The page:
This was easier said than done. The Big-Legged Duckbill Cow had been planted in some flat land, near a series of hills but not too close, to make it easier to see into the man’s camp if he took the bait. Apparently he had quite literally done just that; he dug up the composite beast, every single speck of it, and then camped nearby, on the other side of the rocky outcropping, just at the base of where the sandstone began to rise precipitously. His camp was in a neat little valley, which made it impossible to see from where Marsh stood. The rock on the side of the most passable slope was brittle and granular, which made for slippery footing, even for good climbers. Marsh was not a good climber, so he motioned for Burgess to send two or three of the Sioux on ahead. He watched as they made their way up the sandstone face, their moccasins finding slots he would not have seen. They walked until their feet were a dozen feet or more above his head, and then they stopped in a ridiculous pose, their upper arms splayed as though resting on something.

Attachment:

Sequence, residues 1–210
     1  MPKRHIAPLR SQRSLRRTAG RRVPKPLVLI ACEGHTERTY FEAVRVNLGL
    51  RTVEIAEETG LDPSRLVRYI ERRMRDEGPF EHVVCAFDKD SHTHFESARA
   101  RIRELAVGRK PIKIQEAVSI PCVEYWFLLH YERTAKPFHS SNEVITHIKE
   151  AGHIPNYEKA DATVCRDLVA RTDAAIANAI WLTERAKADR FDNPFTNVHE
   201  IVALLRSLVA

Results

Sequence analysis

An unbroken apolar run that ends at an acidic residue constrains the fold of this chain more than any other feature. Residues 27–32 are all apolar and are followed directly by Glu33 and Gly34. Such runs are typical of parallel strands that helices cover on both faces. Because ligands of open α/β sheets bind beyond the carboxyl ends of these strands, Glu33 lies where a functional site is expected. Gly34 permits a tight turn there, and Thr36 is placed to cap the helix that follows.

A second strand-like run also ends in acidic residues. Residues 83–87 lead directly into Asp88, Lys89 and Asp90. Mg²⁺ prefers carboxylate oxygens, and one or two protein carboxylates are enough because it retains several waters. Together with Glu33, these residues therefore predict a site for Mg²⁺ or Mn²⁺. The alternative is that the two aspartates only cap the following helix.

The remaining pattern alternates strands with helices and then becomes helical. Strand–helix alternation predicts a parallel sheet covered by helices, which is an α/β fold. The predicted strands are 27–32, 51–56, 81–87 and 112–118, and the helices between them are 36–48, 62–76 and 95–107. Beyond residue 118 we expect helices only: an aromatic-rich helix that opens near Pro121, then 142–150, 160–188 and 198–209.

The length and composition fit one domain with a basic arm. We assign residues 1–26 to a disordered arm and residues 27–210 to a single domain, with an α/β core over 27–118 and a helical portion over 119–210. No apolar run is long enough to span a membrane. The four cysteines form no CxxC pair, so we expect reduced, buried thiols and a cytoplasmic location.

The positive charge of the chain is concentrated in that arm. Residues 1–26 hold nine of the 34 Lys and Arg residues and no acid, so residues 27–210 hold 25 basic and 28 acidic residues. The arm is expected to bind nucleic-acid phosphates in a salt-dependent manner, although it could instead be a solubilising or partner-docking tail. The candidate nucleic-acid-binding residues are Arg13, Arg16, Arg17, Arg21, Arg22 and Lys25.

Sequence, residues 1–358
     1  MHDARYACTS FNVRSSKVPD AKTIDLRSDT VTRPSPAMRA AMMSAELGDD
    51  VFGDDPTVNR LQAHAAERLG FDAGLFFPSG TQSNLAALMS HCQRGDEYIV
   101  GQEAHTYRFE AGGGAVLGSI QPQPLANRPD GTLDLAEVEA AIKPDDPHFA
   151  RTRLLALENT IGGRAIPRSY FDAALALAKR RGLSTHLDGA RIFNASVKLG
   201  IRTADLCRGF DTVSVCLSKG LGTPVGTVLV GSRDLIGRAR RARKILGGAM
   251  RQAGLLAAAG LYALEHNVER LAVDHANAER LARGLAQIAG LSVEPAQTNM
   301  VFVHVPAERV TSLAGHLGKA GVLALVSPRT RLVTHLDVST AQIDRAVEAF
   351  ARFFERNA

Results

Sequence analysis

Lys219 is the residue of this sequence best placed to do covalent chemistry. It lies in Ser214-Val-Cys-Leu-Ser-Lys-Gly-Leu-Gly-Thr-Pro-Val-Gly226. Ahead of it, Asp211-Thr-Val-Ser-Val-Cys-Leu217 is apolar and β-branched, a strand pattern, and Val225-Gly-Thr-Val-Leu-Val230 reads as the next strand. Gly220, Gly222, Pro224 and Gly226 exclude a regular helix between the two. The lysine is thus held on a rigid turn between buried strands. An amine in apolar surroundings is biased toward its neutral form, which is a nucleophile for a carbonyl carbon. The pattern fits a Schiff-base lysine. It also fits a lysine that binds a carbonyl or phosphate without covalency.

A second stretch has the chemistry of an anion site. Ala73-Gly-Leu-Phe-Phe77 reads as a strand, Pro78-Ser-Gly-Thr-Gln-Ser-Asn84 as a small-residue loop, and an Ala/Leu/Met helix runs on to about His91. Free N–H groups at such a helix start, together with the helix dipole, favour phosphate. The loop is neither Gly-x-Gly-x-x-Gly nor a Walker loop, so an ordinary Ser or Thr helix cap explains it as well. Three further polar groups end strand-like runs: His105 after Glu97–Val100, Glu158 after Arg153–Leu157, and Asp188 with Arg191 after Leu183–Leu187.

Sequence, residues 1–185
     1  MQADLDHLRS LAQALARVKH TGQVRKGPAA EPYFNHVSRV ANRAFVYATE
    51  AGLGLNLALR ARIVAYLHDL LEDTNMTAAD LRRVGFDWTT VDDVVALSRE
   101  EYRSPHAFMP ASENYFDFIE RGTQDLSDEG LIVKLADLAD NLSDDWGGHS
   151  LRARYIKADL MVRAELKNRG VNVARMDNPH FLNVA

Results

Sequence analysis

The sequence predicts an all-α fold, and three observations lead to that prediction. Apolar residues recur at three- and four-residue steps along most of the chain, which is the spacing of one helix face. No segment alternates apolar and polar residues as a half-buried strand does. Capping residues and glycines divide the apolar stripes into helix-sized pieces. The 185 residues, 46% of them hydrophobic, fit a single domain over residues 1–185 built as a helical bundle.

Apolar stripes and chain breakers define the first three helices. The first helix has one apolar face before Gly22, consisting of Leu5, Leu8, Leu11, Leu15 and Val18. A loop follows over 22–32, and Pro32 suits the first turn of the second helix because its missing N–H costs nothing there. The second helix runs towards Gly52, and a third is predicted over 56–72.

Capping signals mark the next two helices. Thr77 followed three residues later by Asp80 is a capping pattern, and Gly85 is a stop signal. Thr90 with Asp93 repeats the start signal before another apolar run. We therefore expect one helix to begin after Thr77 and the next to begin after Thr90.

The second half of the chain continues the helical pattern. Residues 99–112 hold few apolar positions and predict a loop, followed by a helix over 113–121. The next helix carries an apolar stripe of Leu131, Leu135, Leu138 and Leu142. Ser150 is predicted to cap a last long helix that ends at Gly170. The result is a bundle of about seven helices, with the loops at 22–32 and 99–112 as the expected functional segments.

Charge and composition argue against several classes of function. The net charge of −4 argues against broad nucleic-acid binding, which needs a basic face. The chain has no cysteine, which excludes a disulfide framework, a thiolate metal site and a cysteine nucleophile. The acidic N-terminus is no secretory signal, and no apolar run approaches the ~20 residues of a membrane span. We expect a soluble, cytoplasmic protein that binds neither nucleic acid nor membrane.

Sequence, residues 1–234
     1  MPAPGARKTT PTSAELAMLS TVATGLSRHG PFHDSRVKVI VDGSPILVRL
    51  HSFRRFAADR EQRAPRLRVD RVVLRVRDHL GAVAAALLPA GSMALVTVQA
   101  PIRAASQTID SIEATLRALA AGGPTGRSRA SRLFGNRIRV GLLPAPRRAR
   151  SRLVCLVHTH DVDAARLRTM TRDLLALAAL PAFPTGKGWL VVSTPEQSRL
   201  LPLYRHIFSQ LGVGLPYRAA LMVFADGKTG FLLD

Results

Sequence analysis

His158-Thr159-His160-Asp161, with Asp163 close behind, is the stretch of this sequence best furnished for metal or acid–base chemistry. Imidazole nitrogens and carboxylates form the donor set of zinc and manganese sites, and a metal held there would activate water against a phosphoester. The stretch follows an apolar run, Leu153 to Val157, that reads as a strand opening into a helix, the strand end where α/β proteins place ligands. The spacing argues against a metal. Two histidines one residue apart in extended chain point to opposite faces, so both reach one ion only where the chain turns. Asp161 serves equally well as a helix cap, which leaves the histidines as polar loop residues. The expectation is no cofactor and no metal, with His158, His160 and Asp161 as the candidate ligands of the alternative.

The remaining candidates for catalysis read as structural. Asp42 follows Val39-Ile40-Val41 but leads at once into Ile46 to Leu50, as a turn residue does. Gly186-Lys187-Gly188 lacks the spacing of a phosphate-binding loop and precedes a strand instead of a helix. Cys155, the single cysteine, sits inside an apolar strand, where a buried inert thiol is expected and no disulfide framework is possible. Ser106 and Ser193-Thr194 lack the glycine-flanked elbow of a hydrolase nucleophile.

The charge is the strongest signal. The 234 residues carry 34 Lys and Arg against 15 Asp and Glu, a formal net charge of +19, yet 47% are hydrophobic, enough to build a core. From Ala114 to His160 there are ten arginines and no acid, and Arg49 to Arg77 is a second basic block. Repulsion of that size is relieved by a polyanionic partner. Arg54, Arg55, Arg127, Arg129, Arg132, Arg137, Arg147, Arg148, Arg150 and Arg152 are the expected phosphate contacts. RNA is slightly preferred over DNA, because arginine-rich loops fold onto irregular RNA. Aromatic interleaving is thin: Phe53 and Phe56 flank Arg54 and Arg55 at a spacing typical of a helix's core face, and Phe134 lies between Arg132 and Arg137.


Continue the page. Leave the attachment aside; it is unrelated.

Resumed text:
"Why are you stopping?" Marsh called up.

He modulated his voice as best he could. He wanted the Sioux to hear him, but did not want to attract the paleontologist’s attention.

The Sioux warriors only looked back, nodding at George Burgess. They were truly stealthy. They would make no noise.

"Ghost wall," Burgess said.

"There’s nothing there!" Marsh said, his voice rising with annoyance. "They’re just standing there!"

"It does look that way, doesn’t it?" Burgess said.

He motioned for the Sioux to climb down. They lowered their arms and picked their way back down, moving as swiftly and silently as if they were ghosts themselves.